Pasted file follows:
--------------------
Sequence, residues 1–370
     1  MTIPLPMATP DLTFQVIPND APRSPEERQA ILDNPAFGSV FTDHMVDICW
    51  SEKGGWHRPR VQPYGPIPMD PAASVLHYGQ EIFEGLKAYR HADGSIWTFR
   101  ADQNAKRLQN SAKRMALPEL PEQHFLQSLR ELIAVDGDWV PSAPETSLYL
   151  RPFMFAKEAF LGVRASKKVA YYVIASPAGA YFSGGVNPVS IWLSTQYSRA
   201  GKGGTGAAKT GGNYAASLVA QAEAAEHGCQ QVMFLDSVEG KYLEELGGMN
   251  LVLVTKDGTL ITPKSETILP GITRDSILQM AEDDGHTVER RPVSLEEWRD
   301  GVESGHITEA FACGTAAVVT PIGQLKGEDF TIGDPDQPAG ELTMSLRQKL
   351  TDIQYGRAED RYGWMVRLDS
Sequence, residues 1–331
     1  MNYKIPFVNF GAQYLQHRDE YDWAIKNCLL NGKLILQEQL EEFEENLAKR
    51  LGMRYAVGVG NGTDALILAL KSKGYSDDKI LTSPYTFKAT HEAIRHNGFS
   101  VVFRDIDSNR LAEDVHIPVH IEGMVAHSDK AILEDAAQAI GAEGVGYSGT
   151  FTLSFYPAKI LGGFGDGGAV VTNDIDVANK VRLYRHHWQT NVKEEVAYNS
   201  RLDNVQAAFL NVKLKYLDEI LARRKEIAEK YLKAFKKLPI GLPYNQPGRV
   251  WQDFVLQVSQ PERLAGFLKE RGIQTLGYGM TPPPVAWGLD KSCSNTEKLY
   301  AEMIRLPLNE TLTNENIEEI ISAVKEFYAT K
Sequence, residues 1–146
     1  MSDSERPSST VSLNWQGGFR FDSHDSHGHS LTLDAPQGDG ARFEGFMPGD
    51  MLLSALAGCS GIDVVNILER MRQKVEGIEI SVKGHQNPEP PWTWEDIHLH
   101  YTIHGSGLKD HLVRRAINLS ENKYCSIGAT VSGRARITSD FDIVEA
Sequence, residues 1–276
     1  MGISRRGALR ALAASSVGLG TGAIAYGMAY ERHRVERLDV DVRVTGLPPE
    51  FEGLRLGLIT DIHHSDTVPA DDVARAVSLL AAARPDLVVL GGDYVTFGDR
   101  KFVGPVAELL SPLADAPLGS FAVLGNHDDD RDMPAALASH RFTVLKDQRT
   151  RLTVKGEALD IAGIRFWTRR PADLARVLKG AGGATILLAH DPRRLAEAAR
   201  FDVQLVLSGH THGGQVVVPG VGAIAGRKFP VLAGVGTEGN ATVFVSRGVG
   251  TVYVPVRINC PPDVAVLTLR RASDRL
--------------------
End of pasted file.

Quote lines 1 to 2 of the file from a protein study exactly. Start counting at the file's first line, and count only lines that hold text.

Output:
Sequence, residues 1–370
     1  MTIPLPMATP DLTFQVIPND APRSPEERQA ILDNPAFGSV FTDHMVDICW